First News Briefs for April 30, 2012
Nokia is reportedly nearing a deal to sell off its luxury phone subsidiary Vertu, according to the Financial Times. The struggling handset manufacturer is said to be in "advanced" talks with a private equity firm to sell off the business for about $265 million. Nokia has been selling off various divisions as it works to focus on its core handset business.
The FCC moved one step closer to setting up new auctions of television spectrum during its Friday open meeting, when it passed an order allowing broadcasters to share channels. "Such sharing will allow stations to relinquish spectrum for new uses while continuing to provide television service to viewers," the FCC said in its order. The commission also agreed to seek comment on reforming the Universal Service Fund's outdated contribution system to "promote efficiency, fairness and sustainability."
Agilent Technologies is buying Centallex's test and measurement business for an undisclosed sum. The deal is expected to close in about two weeks. Centellax’s test portfolio includes bit-error ratio testers, pattern generators, clock synthesizers, signal-integrity studio software and test accessories. Centellax’s component business is not part of the transaction.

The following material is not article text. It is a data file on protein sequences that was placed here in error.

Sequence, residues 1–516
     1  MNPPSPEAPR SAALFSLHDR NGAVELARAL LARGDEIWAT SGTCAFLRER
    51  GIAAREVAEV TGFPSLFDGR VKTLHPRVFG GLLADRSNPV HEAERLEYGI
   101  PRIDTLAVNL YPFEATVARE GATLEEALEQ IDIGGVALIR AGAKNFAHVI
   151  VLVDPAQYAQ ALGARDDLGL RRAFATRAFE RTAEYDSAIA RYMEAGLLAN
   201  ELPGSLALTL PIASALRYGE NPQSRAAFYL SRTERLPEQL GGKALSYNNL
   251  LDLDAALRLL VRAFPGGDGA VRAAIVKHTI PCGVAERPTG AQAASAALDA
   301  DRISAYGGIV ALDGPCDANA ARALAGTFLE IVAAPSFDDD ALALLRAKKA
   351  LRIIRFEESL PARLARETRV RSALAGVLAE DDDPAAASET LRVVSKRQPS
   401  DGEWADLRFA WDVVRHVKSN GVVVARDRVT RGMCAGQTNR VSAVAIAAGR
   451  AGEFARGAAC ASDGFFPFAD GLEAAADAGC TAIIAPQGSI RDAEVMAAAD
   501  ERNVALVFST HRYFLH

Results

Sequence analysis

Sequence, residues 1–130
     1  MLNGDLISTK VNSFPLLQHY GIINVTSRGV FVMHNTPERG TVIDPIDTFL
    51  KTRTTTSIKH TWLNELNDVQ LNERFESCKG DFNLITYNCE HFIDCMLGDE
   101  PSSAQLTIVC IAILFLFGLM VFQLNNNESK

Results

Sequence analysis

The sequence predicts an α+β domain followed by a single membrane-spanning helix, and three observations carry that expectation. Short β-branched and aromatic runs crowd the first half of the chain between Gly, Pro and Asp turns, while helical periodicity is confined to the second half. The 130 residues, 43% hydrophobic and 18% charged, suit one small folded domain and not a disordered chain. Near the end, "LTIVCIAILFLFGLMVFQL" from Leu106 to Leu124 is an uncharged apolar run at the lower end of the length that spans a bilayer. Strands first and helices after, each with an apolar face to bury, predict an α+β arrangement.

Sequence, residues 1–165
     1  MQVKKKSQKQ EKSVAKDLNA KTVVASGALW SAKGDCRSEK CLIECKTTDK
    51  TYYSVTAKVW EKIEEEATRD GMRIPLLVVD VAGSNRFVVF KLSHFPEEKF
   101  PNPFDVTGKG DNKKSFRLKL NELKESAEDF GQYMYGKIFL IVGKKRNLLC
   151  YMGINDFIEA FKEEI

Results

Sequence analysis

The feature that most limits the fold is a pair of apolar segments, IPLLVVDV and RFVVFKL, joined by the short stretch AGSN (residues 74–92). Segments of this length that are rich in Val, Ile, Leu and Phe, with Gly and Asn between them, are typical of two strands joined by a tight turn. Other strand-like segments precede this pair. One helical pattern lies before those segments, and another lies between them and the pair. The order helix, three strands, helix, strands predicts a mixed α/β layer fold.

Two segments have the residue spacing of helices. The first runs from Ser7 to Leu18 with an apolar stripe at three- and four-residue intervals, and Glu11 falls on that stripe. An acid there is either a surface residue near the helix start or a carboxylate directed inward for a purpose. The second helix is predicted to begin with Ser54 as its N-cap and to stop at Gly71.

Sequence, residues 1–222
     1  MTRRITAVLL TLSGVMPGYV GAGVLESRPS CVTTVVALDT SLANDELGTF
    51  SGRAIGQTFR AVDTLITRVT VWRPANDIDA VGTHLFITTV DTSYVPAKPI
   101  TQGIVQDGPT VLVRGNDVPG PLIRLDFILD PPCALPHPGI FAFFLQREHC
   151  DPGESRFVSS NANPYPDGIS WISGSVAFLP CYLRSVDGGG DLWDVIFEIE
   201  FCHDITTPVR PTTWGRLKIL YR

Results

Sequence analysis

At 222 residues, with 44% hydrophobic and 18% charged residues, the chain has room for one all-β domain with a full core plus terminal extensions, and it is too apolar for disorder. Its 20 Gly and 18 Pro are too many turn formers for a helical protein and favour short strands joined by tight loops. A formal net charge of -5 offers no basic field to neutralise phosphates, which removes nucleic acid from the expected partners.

Catalina Marketing has closed its purchase of mobile commerce company Modiv Media. Catalina plans to use the company to expand its mobile marketing offerings for large retailers. All of Modiv's staff will remain in the Boston area, where Modiv is based, and will "be the foundation of Catalina’s mobile efforts."
Equinix is making the Syniverse PRIMESM IPX Solution available in "several" of its International Business Exchange data centers. The centers are located across North America, Europe and Asia and include locations in Washington, D.C., Chicago, Toronto, Amsterdam, London, Hong Kong and Singapore.